The debate over the future of the UK’s shrunken coal industry is being played out at a Northumberland beauty spot where one of the country’s last active miners wants to develop its latest project.
Druridge Bay, a stretch of North Sea beach beloved of dog walkers and the hardiest of swimmers, is just a few hundred metres from where Banks Group wants a mine to extract 3m tonnes of coal.
Banks’ application for the Highthorn surface mine — already backed by the local council — comes as much of the industry that needs coal is disappearing or winding down.
This year, for the first time, the UK went for periods when it used no coal for electricity generation. Demand for coal by electricity generators in the first quarter of 2016 was 50 per cent lower than in the same quarter last year. All coal-fired power stations are supposed to be phased out by 2025, according to government policy.
That phase-out highlights the big uncertainties in the market for coal mined in the UK. Output of UK coal has halved over the past five years to fewer than 9m tonnes a year.
The demise of deep-level mining, which accelerated after the mid-1980s miners’ strike and culminated in the closure of the last deep mine, Kellingley, in December, has sometimes obscured the remaining surface coal mining sector, where companies including Banks excavate open pits. Surface mines produced 5.8m tonnes of coal last year.
The transition away from coal has already forced a change of strategy from one of the remaining producers. Hargreaves Services, which a year ago was producing coal at six UK sites, now has just two operating mines. One of those is due to close by the end of September, leaving Hargreaves with one mine, House of Water in East Ayrshire, which is expected to supply 350,000 tonnes of coal for at least five more years.
Hargreaves blames a series of announced power station closures, a tougher government stance on coal-fired generation and continuing low coal prices.
“We are not exiting the coal market but being much more focused. We have to be realistic,” said Ian Cockburn, finance director of Hargreaves. “We always said that coal would be limited but the rundown has accelerated significantly over the past 12 months.”
Imports of coal have also plummeted. They fell 42 per cent last year and in the first quarter of this year are 76 per cent down on 2015. Most is from Colombia.
Given the uncertainties, is any new surface mine needed? Hargreaves has given up planning permission for one mine near Edinburgh. “We cannot see it ever getting to the point where price and demand could be lined up . . . to allow that site to be developed,” Mr Cockburn said.
Banks itself in April suspended production at a surface mine in Scotland after the closure of the nearby Longannet power station.
But the privately owned group, which has two operating mines in Northumberland, says it still expects UK coal demand to outweigh domestic production well into the next decade.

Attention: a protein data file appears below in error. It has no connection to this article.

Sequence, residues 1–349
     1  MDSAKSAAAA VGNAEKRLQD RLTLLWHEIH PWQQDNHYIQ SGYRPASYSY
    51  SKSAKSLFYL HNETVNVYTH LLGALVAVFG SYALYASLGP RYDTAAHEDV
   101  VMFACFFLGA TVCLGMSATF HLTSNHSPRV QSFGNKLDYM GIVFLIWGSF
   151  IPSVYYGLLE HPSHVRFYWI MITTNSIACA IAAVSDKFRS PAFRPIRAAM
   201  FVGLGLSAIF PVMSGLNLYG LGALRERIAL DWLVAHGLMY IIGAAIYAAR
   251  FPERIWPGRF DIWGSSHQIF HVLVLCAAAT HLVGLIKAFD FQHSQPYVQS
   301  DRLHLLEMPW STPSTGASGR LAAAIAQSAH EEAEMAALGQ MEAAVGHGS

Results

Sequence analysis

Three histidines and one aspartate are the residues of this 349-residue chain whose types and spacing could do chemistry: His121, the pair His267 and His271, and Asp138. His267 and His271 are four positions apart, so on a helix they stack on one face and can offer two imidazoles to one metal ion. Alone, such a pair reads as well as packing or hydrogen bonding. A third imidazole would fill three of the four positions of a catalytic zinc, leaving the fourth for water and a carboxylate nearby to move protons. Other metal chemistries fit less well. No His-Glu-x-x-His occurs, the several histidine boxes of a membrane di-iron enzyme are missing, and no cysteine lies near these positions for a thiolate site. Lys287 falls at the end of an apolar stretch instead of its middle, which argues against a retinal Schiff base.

“We work to have a forward programme of sites that are capable of supplying about 1m tonnes per year [for] anticipated UK coal demand,” the company said.
“It makes far more sense to support UK jobs and to provide a secure domestic supply of energy by mining our own indigenous coal reserves through carefully planned and sensitively operated schemes . . . rather than relying on imports of coal and gas from potentially-unstable overseas markets that are thousands of miles distant.”
Banks wants to operate at Highthorn for seven years including set-up and restoration periods. The mine would create 50 jobs with a further 50 transferred from other sites.
Northumberland county council’s strategic planning committee decided last month it was “minded to approve” the application, meaning the decision would be passed to Sajid Javid, the secretary of state for communities and local government.
Two MPs from contrasting political backgrounds — Tory MP for Berwick Anne-Marie Trevelyan and Labour’s shadow energy minister Barry Gardiner, MP for Brent North — have both asked Mr Javid to call in the application, meaning a public inquiry would be held. “Ministers are considering the request,” the communities department said.
Grant Davey, Northumberland county council’s leader, said that while he appreciated it was controversial, the mine would bring much needed jobs to the area and boost growth.
“I fully accept this has been a long and difficult process with strong feelings on both sides but I do believe this decision is in the best interests of Northumberland and its residents,” he said.
Duncan Lawrence, owner of the Drift Café adjacent to the sand dunes of Druridge Bay, is also chair of the Save Druridge Campaign. He worries about tourist businesses such as his own and disputes that the local coal will be needed.
“The government are saying they intend to end coal use and reduce emissions. It’s important that starts now. We need to lead the way on these things. There is absolutely no need for it. The vast majority of coal we use in this country is imported,” he said.
“The use of UK coal is absolutely minuscule. If we stop using British coal today it won’t make a jot of difference to the energy mix.”
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